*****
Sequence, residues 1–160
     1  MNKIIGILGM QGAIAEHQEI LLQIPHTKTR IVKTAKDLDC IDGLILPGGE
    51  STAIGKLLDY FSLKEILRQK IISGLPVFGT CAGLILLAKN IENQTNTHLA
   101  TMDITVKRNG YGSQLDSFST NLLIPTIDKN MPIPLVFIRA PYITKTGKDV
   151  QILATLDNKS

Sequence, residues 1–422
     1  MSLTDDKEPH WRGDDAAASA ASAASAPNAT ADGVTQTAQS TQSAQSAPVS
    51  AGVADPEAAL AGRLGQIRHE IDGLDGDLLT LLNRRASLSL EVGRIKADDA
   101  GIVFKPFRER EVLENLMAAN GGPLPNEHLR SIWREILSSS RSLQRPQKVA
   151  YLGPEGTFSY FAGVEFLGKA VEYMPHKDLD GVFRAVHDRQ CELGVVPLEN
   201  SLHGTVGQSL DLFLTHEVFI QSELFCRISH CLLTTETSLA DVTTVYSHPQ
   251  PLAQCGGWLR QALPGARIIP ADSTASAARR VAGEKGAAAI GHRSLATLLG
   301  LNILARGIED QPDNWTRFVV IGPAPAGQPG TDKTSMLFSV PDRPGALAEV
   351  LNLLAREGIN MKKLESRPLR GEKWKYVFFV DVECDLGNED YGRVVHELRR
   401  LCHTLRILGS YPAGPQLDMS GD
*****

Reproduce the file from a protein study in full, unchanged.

Sequence, residues 1–160
     1  MNKIIGILGM QGAIAEHQEI LLQIPHTKTR IVKTAKDLDC IDGLILPGGE
    51  STAIGKLLDY FSLKEILRQK IISGLPVFGT CAGLILLAKN IENQTNTHLA
   101  TMDITVKRNG YGSQLDSFST NLLIPTIDKN MPIPLVFIRA PYITKTGKDV
   151  QILATLDNKS

Sequence, residues 1–422
     1  MSLTDDKEPH WRGDDAAASA ASAASAPNAT ADGVTQTAQS TQSAQSAPVS
    51  AGVADPEAAL AGRLGQIRHE IDGLDGDLLT LLNRRASLSL EVGRIKADDA
   101  GIVFKPFRER EVLENLMAAN GGPLPNEHLR SIWREILSSS RSLQRPQKVA
   151  YLGPEGTFSY FAGVEFLGKA VEYMPHKDLD GVFRAVHDRQ CELGVVPLEN
   201  SLHGTVGQSL DLFLTHEVFI QSELFCRISH CLLTTETSLA DVTTVYSHPQ
   251  PLAQCGGWLR QALPGARIIP ADSTASAARR VAGEKGAAAI GHRSLATLLG
   301  LNILARGIED QPDNWTRFVV IGPAPAGQPG TDKTSMLFSV PDRPGALAEV
   351  LNLLAREGIN MKKLESRPLR GEKWKYVFFV DVECDLGNED YGRVVHELRR
   401  LCHTLRILGS YPAGPQLDMS GD